'Car schooling' enhances trips with the kids in towBy THERESA WILLINGHAM
© St. Petersburg Times
published January 27, 2002
Whether your children learn at home or in a school, chances are you spend more time in the car than you thought either choice would entail.
Publicly and privately schooled children have more opportunities than ever for extracurricular activities, ranging from sports and performing arts to scouting and after-school programs. There is no shortage of opportunities for home-schooled children to socialize with their peers at science center classes, art and music programs, and learning cooperatives. And for home schoolers, there's also the added necessity of accompanying Mom and Dad along on routine errands.
Obviously, it's important to choose outside and extracurricular activities carefully. A child whose itinerary doesn't include a few hours a day without some scheduled activity can burn out as quickly as any overscheduled adult.
Assuming you've already helped your children select their activities thoughtfully, but still find yourself in the car several hours a week, there are things you can do to make the best of your car time together.
Author Diane Flynn Keith recognized the problem a few years ago and coined the phrase "car schooling" to describe activities and ideas she used to enhance the time she spent shuttling her children around. Car schooling, she says in her book by the same name, is "an alternative approach to home schooling and after schooling, designed to improve everyone's time on the road."
You've probably thought of some of these yourself: audio books and singalong tapes, for example.
But did you know that some of these materials are educational?
Bookstores carry cassette tapes and CDs that feature multiplication table rap, geography mnemonic songs and musical biographies of composers and musicians. You can buy these products online as well.
Flynn also suggests some educational advantages and twists to old-time favorites. Remember that old round-robin game, where everyone takes turns adding to a story? That one improves listening skills, comprehension and vocabulary, while exercising the imagination. Looking for various license tags? That becomes a good math activity when you practice rounding tag numbers up and down.
Turn Truth or Dare into Decade or Dare and you've got a history game going. Take turns naming a decade (say, 1880-1890), and each person in the car has to come up with an event that happened during that time. Determine some silly consequences, like saying the alphabet backwards, in advance. If you're not sure about an answer on this one, though, be sure to take the time to find out sometime that day, so no one goes away with erroneous information.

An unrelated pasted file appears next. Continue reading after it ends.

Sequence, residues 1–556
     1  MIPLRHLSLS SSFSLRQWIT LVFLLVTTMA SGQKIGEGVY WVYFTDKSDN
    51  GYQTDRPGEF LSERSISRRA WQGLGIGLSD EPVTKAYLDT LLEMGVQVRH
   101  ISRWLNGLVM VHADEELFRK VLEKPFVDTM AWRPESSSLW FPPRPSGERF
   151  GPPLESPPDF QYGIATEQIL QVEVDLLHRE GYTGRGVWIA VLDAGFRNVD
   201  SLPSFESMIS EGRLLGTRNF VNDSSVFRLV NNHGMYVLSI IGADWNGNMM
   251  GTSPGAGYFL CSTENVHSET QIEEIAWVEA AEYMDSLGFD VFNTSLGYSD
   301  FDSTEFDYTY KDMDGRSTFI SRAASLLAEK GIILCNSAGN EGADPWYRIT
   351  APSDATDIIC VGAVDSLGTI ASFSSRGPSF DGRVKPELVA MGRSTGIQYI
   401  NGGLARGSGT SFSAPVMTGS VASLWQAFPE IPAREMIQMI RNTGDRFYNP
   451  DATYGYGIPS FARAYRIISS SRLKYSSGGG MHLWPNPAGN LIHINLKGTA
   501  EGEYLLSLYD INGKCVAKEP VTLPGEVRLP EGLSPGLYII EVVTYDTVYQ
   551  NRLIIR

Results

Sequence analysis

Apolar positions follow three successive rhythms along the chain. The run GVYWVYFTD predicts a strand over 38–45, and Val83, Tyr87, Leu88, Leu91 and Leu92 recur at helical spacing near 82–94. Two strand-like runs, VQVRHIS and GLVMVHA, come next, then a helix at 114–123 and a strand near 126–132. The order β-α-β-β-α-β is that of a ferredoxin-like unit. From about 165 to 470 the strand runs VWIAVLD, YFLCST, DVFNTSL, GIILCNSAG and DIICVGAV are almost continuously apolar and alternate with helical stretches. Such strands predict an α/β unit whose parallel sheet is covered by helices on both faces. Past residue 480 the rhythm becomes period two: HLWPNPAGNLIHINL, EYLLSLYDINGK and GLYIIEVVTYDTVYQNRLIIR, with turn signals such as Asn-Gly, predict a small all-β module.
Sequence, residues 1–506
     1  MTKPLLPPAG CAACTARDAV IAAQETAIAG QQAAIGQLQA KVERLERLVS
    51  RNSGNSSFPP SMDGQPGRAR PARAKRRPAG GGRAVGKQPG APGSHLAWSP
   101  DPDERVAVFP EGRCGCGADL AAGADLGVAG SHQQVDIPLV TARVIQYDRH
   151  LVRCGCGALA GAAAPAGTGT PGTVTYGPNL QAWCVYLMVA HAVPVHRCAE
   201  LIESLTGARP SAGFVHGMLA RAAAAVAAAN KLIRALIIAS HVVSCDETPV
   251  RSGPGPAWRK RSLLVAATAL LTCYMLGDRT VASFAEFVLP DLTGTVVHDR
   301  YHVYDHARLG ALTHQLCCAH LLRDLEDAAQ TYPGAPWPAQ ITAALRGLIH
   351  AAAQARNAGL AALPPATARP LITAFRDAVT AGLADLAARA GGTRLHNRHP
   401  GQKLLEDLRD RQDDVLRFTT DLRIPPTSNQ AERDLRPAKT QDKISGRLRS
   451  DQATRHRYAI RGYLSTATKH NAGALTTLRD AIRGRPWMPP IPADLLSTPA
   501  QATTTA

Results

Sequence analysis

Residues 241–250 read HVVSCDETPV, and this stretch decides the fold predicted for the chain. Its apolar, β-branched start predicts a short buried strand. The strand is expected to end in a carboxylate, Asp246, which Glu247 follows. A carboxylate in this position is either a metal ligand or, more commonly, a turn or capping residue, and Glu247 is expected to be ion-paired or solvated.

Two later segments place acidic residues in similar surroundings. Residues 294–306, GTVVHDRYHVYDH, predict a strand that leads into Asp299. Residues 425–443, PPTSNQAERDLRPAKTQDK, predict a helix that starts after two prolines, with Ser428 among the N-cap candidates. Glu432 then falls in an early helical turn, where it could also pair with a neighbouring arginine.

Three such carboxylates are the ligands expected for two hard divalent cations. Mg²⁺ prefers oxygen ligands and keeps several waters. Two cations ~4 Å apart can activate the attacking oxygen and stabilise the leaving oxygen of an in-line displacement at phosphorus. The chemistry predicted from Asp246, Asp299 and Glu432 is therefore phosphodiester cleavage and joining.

How about 20 Questions, done to the tune of science or geography or any other subject you or your children enjoy or in which they (and you) can use some improvement? You might want to keep some general reference book in the car for this one, and for the Decade or Dare game.
While you're stuck in traffic and casually identifying all the snowbird license tags, turn it into a scavenger hunt and see who can find the most states in a certain amount of time. While you're at it, see if your kids know where those states are located.
Another good game is Highway Alphabet Soup, the object of which is to find words on road signs beginning with each letter of the alphabet. The first person to make it all the way to Z wins. (X can be a freebee unless you get lucky!)
If you want to drive everyone nuts but learn a lot in the process, keep books of word games, logic puzzles and mind games handy. A great language arts booster that kids rarely regard as educational, but that fits the bill quite nicely, is that timeless old standby, Mad Libs. Mad Libs are collections of quirky little short stories that are missing valuable features like nouns, verbs and adjectives. Take turns filling in the blanks to create some wild tales, and to develop an enduring sense of grammar at the same time.
There are plenty of free online resources to print out and keep on hand at the Discovery Channel's Brain Booster Archive, at school.discovery.com/brainboosters. There you can find questions to stimulate lateral thinking, such as:
What do a cow, a shoe and a baby all have in common? A tongue, what else? How about a doctor's office, a post office and music? A scale.
Besides books, puzzles and tapes, you can also keep sets of Quiz Cards in a car activity box, or Fandex cards. These are hinged together like the Quiz Cards, but are subject-specific on topics such as U.S. presidents, state capitals and the Civil War.
You can find Fandex cards at Amazon.com and a variety of other booksellers and educational resources.
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